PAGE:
A great way to do this is by reading a chess book and then playing through the games in it. The books usually have high-quality annotated games where you can see how certain tactics are played out, which makes for perfect practice material if you want to improve your tactical vision. Just read about one tactic from the chapter at hand before continuing on with the game and try not to move any pieces until you’ve finished all of them.

This will help make sure that everything sinks in so when it comes time to play against another player or solve puzzles they won’t be as hard anymore since you know what’s coming up next.

The strategy side of things is also important too – after all, without good strategies there wouldn’t be any tactics.

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Studying different chess opening like the London System is something you can do alone as well and it’s not that hard if you have a good book. One way to get started with this approach is by looking up online what kind of openings are played at high level games and then try them out yourself. You might find some great ones just from doing research on your own!

Watch Chess Tutorials on Youtube

Youtube has become an invaluable ressource for the chess student. Many Grandmasters and International Masters teach chess and show their own games while they play – explaining their thought processes.

Some good videos focus on explaining certain topics or openings. These can be good introductions to a subject. Especially if you learn better by watching someone explain rather than reading about it yourself. Just skim the comments and ratings to make sure the content is actually good.

You could also watch Youtube videos in the popular format of so-called speedruns. This is where a GM like Hikaru Nakamura or Daniel Naroditsky opens a new online account and plays through the ranks. They start at the bottom against the very weakest of players and move up to better players as they win. In the process they stream each game and analyze what they play.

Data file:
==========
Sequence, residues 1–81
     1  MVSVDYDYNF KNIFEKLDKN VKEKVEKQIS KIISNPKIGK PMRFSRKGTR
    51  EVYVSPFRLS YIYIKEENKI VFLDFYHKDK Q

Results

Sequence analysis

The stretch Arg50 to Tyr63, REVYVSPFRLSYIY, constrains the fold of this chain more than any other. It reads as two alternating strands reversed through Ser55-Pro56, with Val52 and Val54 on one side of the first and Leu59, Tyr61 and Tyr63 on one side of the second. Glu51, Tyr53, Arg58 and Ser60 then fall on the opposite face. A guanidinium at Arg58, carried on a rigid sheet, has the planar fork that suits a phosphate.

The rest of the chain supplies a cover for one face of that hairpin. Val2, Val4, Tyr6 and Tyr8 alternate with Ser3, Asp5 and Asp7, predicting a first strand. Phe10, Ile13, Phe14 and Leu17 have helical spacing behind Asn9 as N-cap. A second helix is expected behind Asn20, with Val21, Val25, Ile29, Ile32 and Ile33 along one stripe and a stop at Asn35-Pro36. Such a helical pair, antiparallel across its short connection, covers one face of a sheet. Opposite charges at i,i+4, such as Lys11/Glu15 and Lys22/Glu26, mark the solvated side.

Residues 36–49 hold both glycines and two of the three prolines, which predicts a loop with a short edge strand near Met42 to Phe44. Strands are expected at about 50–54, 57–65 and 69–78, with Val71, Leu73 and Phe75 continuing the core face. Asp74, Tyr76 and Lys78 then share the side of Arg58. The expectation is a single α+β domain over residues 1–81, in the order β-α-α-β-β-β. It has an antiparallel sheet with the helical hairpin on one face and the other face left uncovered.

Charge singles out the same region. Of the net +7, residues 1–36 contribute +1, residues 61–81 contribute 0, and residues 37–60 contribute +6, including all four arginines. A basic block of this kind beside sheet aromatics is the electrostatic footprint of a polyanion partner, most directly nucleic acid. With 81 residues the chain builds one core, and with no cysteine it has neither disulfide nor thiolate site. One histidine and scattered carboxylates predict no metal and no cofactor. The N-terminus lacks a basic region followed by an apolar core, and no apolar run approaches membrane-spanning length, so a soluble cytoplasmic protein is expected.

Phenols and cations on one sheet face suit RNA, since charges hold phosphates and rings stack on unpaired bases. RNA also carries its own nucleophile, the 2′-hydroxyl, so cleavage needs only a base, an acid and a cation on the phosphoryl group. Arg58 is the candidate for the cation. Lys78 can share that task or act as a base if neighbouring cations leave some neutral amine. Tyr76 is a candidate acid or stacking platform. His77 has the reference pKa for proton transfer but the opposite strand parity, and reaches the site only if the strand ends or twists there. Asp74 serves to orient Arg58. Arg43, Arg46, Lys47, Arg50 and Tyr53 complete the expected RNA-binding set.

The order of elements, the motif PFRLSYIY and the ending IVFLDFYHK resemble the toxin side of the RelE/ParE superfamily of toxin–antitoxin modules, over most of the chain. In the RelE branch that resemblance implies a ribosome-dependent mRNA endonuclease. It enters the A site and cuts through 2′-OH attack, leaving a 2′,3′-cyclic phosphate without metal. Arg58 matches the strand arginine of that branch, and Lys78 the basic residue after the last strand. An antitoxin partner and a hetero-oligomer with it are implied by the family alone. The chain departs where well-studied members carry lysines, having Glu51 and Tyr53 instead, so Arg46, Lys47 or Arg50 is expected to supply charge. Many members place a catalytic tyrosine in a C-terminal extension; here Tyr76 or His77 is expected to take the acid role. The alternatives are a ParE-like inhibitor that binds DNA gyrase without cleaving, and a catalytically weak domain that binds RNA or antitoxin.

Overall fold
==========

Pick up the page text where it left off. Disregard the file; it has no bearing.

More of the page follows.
This format is extremely helpful. They show you a lot that is usually not covered in chess books. How do you deal with opponents making bad moves? How to best punish bad moves? Stuff like that which is great to know in you own games when you play weaker players.

One tip could be to pause the videos and try to find the moves before the pro show you the correct move. This again is because it is best to get actively involved. Don’t just passively watch the videos, but practice your own chess thinking to get the most educational value out of watching the videos.

If you want to improve your chess game, then start practicing. The more time spent practicing the better your skills will become! There are many ways to practice alone – from solving puzzles and interactive tutorials to playing against a computer or watching instructional YouTube videos. All of these options provide excellent opportunities for developing tactical vision and improving strategic thinking. Which one sounds like it might be best suited for you?